When creating a list of points, bullets can help, yet you don't need any ammunition for this simple tip. Imagine that you're writing about a theme or point that has a variety of "angles", alternatives or options.
Of course, you can list the various points in conventional paragraphs, however, sometimes you can help make your document more readable by splitting up paragraphs into smaller text blocks. So how can you best display the points you want to make most clearly?
Certainly use carefully constructed headings and sub-headings where appropriate to create important signposts. Plus, ensure that your document has a logical flow of information from start to finish. But for your text pointers, usually the best solution is to use bullet points and numbered lists.
There's nothing quite so enlightening for your reader — or when creating presentations, your viewer — than to spread each of your key points on a separate line with a contrasting, engaging marker inserted at the start of each key point line.
Furthermore, you can
- Indent your bullet point lists from the rest of the text.
- Thereby help further create at-a-glance visual pointers.
- Easily illustrate hierarchy of importance with any previous and following bullet points.
Writing for Skimmers and Scanners
Such a layout also provides additional ease of use for skimmers and scanners — those folks who tend to read headings first and then only read what they consider to be relevant.
Bullet points combined with the surrounding white space also allow for better focus on individual points. These visual clues help make a logical sense and provide your reader with a much needed "time-space" to help absorb each of your points more easily.
Essentially, these realities define the power of the bullet point.
If we consider the careful use of simple color contrast as secondary, even today, bullet points are one of the simplest, most effective, yet often under valued writing or communication aids.
Therefore, especially when you seek to put over a complex or multi-layered sentence, longer paragraph, consider breaking your sentence or paragraph into smaller chunks.
For example, consider using bullet points, like this:
- Point 1.
- Point 2.
- Point 3.
Handy tip: while our example above uses the traditional pure "disc" bullet points, bullet points can use a wide range of symbols. Especially online, we can use small icons that, irrespective of displayed size, display with clean, sharp edges on mobile devices like smart phones, phablet and tablet computers, and notebook PCs.
Also: considered use of bullet points helps your reader make better sense of, absorb, and understand your message more easily — especially when providing outlines and summaries.
Consider the following additional tips and guidelines:
- The pace of living today, encourages speed and impatience. In today's busy work environment, an ever growing number of people are expected to examine ever increasing quantities of documents. At home, relaxing, often, we're no less impatient. As writers, you may think there's little we can do about such "external factors". However, we can help simplify the task of absorbing new information by carefully considering the layout of our publications. Bulleted lists can help address such problems.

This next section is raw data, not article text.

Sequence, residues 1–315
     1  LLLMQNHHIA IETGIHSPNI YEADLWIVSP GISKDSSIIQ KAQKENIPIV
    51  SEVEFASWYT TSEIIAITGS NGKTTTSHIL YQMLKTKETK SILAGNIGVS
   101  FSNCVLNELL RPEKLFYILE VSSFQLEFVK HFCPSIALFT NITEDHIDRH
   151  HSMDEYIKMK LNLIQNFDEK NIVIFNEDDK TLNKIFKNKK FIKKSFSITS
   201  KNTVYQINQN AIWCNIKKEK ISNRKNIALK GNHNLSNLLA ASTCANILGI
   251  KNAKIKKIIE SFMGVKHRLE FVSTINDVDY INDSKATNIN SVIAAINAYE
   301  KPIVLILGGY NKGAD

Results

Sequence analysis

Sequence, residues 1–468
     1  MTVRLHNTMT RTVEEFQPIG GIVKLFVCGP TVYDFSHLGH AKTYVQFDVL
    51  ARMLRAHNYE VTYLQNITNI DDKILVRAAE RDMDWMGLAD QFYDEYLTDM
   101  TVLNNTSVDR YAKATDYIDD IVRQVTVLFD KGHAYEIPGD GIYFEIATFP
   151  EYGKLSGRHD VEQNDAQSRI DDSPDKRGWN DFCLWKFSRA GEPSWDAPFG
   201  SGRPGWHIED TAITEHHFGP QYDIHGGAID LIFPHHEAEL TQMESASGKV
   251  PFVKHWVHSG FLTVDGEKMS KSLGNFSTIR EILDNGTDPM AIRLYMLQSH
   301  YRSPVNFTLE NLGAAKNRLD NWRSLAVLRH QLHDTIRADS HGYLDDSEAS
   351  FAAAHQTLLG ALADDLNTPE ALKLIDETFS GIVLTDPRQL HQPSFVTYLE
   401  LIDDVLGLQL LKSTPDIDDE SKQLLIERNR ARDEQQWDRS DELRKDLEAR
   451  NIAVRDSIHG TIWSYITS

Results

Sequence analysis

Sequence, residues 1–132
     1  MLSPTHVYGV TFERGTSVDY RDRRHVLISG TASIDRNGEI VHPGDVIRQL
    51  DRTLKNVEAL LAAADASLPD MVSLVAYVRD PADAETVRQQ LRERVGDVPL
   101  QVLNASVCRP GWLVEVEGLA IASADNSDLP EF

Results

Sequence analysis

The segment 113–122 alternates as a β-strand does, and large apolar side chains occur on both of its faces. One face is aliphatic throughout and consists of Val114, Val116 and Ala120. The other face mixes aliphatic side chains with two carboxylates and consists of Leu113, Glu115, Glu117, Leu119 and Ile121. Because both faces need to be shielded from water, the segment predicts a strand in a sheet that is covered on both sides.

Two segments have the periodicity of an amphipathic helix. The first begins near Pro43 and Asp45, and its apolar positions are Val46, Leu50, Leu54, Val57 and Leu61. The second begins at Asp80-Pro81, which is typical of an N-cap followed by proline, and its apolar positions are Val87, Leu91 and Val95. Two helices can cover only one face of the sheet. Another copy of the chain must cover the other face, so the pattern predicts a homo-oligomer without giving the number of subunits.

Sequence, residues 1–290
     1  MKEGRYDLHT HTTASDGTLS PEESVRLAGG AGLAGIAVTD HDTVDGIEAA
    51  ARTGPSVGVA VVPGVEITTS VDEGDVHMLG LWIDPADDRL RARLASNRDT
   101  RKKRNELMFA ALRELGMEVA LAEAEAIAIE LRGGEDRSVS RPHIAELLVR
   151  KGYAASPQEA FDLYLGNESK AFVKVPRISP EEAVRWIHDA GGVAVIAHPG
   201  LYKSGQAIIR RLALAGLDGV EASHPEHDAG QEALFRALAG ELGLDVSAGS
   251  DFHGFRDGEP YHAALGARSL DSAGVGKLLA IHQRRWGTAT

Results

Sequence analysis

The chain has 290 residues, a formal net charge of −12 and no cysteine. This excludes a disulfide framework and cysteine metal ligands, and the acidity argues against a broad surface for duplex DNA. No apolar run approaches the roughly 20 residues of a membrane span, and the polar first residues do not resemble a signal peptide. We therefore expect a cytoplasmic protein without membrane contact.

- Creating bullet lists during the writing process can help clarify and separate our thoughts into distinct blocks. Through better clarification, we can more easily avoid introducing any unnecessary repetition.
- Impatient readers tend to scan documents first, paying particular attention to headings, sub-headings and indented bullet list text. Therefore, including key information in bullet points can be particularly helpful to members of this reader profile.
- Bullet points help make learning new information easier. Your readers and viewers may be made up many different kinds of people, each with their own issues, problems, preferences, like and dislikes. Often, your audience may have several thought patterns occupying their mind space concurrently, so their concentration may already be "cloudy."
- New information presented using bullet points can help ensure your points are understood first time.
- When illustrating a sequence from one condition to another, use numbered lists instead of conventional bullet points. Why? Numbered lists show a path, specific sequence or progression from one state to another in a more meaningful way than a series of points that use only plain bullets.
- A carefully considered web design uses CSS to ensure that sufficient empty space is inserted before, after and around your bullet points or numbered lists. This website design applies CSS styling to meet this goal — you're viewing CSS-styled bullet points now.
- Your bullet points can use more than just conventional bullet symbols at the start. You can experiment with different kinds of arrows, tick marks or other kinds of icon. Again, this website design automatically applies different bullet or numbered list designs with the minimum of extra work required.
- Make sure that your bullet points and numbered lists are consistent in their design and application. You most likely wouldn't want varying amounts of vertical space between bullet points and numbered lists on the same page. Smart web designs can use CSS-styling to ensure consistency of display.
- Key tip: use smart technology combined with good design techniques to minimize how you apply different styles of bullet and numbered lists.
Use the power of the bullet or numbered list whenever you can, to reap rewards that only simple lists can deliver.